Author: Gregg Hurwitz
Length: 371 pages
Plot Basics: Daniel Brasher, son of old-moneyed San Francisco resident Evelyn Brasher, has walked away from his family inheritance, spending his days working as a group therapy counselor for offenders and is happily married to a community organizer. When Daniel finds a note in his mailbox at work saying “Admit what you’ve done” Daniel finds himself drawn into the world of killer, racing against deadlines to try to prevent more deaths, even as he tries to understand what wrongs have been committed.
Banter Points: What I noticed was the way Hurwitz employed the “gun on the mantle” philosophy in his writing. To review, that’s an idea from Chekhov, that if there’s a gun on the mantle in the first act, it needs to go off in the third act. Hurwitz didn’t waste details. For example, there’s a scene early on when Daniel’s wife puts lotion on her hands and then has trouble turning a door knob. Of course, that happens again in a scene where getting away is more critical. Daniel’s a runner, so when he needs to run after a suspect, he’s able to keep up.
Bummer Points: There’s nothing wrong with this book, other than about three chapters from the killer’s perspective which don’t add anything. (I’d really like to know why this keeps happening. Do editors ask for them? Am I going to have to swallow all my distaste for them and add in chapters from my villain’s POV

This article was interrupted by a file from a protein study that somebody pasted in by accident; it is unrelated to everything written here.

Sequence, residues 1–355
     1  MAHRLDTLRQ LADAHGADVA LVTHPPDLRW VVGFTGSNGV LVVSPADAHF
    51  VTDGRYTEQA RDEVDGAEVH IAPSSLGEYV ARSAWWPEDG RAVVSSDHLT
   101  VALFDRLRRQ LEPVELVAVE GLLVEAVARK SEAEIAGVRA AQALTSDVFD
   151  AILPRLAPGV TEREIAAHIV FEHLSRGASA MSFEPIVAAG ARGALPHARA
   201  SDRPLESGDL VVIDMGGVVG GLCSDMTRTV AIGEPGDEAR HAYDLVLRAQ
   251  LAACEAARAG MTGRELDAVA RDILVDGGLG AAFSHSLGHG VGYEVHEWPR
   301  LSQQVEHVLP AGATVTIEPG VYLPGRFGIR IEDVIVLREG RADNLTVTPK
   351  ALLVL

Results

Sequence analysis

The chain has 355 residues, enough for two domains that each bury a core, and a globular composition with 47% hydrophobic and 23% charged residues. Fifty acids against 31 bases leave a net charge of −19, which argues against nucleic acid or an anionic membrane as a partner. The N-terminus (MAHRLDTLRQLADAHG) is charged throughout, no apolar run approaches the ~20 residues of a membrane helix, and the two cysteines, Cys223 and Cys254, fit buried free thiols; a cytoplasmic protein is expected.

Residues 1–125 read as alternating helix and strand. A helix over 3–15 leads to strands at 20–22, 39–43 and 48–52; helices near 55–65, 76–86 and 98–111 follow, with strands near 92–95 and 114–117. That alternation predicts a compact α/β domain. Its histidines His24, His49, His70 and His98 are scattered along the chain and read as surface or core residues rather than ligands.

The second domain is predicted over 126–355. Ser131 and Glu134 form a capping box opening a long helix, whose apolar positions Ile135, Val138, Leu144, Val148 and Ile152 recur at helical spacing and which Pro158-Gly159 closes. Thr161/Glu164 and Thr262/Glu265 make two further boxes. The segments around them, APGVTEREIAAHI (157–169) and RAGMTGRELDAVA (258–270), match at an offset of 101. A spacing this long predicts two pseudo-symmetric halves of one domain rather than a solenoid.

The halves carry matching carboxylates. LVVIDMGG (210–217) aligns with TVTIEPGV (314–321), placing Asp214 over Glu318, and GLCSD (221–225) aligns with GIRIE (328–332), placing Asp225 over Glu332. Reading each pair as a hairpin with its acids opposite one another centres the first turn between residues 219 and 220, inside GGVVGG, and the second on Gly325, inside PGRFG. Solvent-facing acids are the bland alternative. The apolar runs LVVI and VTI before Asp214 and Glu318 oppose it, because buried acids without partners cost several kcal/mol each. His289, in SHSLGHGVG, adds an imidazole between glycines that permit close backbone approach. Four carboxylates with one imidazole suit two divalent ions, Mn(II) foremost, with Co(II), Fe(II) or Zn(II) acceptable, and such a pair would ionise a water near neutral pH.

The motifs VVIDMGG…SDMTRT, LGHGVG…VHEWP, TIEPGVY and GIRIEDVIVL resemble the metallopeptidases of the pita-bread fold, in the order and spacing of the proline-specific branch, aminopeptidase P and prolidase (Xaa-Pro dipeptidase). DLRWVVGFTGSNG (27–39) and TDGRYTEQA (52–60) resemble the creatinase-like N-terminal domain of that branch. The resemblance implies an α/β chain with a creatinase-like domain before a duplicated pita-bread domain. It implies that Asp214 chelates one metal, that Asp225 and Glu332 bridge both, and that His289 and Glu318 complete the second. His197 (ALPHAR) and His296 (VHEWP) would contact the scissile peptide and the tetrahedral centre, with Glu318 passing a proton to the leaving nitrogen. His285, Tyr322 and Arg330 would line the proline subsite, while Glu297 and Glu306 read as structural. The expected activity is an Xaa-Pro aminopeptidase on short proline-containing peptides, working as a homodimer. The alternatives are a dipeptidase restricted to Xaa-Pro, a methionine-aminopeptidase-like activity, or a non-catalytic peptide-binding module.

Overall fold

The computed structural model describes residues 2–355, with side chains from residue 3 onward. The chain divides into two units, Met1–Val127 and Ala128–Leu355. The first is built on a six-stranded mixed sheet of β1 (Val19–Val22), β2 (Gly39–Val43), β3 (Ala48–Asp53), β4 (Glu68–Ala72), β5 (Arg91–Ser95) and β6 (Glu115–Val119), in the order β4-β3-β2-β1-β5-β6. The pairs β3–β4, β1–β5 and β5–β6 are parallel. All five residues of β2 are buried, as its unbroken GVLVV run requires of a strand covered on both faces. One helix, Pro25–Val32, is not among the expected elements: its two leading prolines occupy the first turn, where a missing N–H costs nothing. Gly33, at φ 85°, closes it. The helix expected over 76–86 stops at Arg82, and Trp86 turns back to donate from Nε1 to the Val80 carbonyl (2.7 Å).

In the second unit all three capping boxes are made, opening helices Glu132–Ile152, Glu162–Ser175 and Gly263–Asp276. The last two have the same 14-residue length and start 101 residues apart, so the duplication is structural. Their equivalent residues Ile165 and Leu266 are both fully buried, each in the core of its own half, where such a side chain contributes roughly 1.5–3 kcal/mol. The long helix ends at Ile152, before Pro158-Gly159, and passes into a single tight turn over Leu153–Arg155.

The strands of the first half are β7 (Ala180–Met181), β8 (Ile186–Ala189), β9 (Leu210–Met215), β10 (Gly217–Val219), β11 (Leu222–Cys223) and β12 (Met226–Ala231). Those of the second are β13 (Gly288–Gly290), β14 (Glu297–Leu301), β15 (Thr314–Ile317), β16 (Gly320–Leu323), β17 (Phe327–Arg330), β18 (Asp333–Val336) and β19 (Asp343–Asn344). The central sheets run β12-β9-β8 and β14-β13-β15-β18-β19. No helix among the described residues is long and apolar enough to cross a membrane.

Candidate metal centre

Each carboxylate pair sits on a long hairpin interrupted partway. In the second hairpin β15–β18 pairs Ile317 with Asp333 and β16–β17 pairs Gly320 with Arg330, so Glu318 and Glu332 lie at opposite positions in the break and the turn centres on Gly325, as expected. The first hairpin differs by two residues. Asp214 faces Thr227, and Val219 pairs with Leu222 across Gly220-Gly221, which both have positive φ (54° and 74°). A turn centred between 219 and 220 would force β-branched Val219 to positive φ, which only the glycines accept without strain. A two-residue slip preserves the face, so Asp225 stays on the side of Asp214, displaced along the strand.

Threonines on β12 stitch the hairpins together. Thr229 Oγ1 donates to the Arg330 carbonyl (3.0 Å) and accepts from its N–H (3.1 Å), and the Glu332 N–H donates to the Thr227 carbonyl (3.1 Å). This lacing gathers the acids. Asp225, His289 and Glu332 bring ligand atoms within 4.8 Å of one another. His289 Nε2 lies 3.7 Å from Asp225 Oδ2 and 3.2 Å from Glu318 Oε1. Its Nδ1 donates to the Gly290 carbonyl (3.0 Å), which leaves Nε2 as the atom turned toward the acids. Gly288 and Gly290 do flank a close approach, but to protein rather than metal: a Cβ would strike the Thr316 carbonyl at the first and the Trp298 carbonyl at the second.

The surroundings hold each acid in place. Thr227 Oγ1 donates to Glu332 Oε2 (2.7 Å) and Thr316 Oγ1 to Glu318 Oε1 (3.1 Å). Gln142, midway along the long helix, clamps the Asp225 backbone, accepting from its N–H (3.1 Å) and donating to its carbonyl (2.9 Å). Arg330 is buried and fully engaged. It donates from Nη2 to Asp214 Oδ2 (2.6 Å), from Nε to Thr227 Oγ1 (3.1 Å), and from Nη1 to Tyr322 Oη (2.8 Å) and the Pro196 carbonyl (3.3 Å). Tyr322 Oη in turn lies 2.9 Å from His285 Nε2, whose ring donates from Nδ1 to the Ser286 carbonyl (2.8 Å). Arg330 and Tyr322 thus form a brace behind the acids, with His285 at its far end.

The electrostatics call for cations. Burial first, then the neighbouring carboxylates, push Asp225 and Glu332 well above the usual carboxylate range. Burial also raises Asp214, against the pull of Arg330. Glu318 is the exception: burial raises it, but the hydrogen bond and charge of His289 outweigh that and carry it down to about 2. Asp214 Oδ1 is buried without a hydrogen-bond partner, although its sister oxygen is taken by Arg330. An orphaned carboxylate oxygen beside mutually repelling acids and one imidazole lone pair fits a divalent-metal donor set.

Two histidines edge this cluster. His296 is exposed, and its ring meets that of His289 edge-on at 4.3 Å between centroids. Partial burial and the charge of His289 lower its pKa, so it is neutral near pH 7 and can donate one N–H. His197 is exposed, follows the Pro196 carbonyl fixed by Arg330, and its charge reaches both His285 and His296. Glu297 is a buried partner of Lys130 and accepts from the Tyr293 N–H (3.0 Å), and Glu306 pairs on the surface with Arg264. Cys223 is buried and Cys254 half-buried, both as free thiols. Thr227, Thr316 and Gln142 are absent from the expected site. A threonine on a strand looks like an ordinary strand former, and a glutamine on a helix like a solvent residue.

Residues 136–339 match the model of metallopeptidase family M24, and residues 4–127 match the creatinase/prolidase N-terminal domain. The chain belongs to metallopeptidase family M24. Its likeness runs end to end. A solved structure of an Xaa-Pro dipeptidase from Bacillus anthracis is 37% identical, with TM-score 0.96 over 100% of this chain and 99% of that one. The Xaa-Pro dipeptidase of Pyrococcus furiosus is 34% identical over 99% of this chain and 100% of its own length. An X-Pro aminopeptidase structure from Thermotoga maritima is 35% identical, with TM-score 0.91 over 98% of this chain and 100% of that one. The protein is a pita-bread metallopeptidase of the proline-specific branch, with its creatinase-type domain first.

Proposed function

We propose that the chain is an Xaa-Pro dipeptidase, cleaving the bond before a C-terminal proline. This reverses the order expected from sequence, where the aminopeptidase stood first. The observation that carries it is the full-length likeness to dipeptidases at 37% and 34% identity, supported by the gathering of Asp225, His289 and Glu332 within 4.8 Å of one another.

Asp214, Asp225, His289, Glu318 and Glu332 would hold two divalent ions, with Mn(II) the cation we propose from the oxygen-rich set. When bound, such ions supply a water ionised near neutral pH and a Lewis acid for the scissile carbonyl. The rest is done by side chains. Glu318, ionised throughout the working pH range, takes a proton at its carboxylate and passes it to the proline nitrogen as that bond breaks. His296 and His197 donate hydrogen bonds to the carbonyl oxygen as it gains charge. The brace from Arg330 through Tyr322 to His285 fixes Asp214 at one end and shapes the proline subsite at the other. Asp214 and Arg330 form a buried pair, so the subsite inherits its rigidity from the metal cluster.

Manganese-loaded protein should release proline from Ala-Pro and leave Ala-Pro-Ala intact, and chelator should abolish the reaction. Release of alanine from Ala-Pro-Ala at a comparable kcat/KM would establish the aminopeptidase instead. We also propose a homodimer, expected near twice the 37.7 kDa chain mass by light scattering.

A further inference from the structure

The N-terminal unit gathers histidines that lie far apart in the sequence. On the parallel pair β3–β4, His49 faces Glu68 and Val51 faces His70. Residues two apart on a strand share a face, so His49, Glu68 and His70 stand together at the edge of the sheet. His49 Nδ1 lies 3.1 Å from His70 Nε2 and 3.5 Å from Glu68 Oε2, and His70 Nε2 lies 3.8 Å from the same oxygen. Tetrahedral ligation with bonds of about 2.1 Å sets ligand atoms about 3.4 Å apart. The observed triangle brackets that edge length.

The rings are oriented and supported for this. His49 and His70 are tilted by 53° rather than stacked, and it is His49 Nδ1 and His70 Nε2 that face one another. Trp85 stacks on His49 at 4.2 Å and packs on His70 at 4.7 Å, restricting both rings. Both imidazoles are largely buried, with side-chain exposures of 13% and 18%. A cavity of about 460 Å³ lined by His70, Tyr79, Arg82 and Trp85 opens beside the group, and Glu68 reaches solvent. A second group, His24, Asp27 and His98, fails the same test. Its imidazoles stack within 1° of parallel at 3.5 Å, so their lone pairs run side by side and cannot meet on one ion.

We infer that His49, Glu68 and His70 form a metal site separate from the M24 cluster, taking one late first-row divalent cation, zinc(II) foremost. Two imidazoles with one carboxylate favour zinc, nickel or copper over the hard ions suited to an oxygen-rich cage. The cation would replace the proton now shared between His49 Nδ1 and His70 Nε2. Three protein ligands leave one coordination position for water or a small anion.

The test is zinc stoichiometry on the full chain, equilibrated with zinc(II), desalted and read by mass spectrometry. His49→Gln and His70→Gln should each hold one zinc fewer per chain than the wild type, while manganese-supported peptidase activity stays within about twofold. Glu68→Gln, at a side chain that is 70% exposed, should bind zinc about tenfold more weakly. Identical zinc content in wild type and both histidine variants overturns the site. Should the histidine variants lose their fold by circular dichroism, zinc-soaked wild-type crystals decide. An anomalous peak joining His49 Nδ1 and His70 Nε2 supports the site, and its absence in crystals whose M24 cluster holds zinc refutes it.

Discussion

The problem here is me. I’ve realized I’m kind of done (at least for now) with mystery/thrillers that involve regular people. The plot stacks up — there’s a good reason for what happens to Daniel and he as a regular guy gets sucked in to a killer’s plot. But, I’ve realized I prefer my mysteries to have some kind of figure in them who is suited for this kind of thing. For example, Reacher’s an ex-Army MP. Jason Bourne’s a trained CIA agent. David Trevellyan is British Intelligence. Milan Jacovich is an ex-cop turned PI. Even Harry Dresden has a set of skills (wizarding and having a PI license) that gives him some expertise for handling the stuff he gets put into.
I think what I want is for “normal” people to be able to live “normal” lives. There will be exceptions when books like “Gone Girl” come along (thought there’s littler that’s normal about those characters). But, expect to see mostly procedural/espionage type thrillers in my reading list.
Word Nerd Recommendation: It’s a good book that’s executed well. It just wasn’t the kind of story I wanted to read right now. Or for a good long while into the future.